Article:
Charles asked us what all the fuss what about, “Why is the white lady (muzungu) here with all her cameras?” he said. I told him the pictures were for me. A project I could not stop shooting, a thing I could not stop doing. Telling his story, I told him, was important to me. Burundi coffee farmers hold treasures in their stories that I think we can all understand or learn from. I am not on some great campaign to change the world, I told him (although deeply I would love to be that stirred), I am just curious about people and I believe each story we capture counts… because these are real people and this is the age in which we are privileged to breathe.
It’s also my way, I told Charles, of understanding Burundi. I understand Burundi very little on the whole… but I feel so much closer to knowing it when I see it through a lens.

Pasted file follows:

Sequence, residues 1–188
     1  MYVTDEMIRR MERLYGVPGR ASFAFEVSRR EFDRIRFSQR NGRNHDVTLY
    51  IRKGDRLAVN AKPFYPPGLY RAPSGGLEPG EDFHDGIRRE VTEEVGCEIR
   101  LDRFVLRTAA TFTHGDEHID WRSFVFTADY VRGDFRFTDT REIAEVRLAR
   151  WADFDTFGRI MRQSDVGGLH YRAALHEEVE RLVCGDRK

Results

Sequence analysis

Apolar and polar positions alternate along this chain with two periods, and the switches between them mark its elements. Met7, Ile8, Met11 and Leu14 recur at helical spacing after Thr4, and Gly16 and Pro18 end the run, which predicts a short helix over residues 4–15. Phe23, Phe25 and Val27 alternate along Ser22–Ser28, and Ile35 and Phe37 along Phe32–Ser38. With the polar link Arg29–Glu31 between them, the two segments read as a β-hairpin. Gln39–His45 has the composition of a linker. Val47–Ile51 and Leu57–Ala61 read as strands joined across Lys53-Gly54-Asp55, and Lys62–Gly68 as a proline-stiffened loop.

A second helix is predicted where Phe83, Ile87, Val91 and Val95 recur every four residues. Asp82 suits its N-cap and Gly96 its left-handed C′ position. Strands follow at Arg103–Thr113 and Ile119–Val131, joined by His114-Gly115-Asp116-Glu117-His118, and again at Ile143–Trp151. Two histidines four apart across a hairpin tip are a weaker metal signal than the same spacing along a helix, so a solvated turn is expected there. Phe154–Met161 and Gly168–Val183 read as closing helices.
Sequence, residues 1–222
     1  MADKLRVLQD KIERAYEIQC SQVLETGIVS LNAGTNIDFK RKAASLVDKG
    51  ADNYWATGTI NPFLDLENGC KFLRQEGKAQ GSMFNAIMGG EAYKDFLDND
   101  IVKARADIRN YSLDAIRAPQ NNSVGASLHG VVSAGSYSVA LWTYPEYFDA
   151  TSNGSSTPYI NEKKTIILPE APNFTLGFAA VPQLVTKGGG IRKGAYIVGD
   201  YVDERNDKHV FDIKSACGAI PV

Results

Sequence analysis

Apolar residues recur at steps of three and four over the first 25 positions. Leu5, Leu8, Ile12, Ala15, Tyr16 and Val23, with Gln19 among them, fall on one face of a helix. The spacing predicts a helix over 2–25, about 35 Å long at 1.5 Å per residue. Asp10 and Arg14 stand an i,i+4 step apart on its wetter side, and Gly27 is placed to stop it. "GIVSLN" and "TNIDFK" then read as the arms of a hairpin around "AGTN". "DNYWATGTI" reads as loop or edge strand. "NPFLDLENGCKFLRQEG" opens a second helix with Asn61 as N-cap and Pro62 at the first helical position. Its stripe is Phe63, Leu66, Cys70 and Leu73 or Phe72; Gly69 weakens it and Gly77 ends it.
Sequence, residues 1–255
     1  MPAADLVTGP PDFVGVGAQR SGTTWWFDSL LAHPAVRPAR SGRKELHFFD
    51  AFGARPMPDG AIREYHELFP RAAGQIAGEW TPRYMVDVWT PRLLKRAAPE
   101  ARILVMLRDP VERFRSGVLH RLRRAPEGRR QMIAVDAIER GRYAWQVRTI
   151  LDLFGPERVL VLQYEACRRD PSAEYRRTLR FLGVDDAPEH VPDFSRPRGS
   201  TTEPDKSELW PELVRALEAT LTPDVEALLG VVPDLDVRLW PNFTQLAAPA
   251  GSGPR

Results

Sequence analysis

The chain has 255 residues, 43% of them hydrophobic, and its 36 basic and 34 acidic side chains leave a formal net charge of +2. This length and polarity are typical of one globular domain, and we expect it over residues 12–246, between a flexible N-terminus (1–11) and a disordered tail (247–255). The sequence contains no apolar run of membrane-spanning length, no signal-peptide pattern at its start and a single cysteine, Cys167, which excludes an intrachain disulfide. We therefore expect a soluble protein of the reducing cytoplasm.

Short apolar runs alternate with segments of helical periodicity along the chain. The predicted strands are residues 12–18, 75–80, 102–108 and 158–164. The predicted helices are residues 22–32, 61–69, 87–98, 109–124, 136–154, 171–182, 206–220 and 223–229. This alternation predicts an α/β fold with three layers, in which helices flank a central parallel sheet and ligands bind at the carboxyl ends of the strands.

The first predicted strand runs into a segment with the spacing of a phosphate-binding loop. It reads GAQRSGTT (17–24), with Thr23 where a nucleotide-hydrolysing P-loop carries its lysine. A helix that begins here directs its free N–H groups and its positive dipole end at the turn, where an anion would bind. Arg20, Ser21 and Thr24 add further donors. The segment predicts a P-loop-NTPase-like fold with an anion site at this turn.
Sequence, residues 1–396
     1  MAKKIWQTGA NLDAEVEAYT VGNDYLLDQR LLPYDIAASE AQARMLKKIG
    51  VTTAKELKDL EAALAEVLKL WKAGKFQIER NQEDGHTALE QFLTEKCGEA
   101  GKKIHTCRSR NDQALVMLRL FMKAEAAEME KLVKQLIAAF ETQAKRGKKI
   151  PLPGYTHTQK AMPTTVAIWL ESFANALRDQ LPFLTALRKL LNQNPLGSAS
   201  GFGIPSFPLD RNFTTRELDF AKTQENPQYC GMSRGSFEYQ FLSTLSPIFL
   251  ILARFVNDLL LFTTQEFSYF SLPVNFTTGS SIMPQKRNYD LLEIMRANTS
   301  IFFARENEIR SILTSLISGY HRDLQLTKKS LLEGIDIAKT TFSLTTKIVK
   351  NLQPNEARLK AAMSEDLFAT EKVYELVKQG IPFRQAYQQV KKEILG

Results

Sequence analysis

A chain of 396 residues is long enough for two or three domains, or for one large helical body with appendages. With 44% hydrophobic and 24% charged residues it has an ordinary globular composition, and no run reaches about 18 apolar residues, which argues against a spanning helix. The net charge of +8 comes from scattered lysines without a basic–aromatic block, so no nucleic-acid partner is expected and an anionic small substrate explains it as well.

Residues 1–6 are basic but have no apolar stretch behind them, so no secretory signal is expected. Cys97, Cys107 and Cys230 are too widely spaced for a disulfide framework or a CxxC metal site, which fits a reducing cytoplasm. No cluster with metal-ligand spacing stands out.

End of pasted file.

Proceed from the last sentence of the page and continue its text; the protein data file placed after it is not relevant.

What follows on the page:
Charles has 6 children and a small plot of land with just over 300 trees. He was born in 1961 while Burundi was declaring independence from foreign rule. Last year he made $169 growing coffee. He has to walk 3 kilometers to get to our washing station. This coming coffee season we will have a collection point near Charles’ home, which will save Charles (and the other farmers in his community) from having to make the long and time consuming walk to our station. When we asked Charles what his hope for his children was, he said he hoped that he could continue to farm coffee in order to feed all of them.
Portra 400 Canon EOS3, Canon 5D Mk III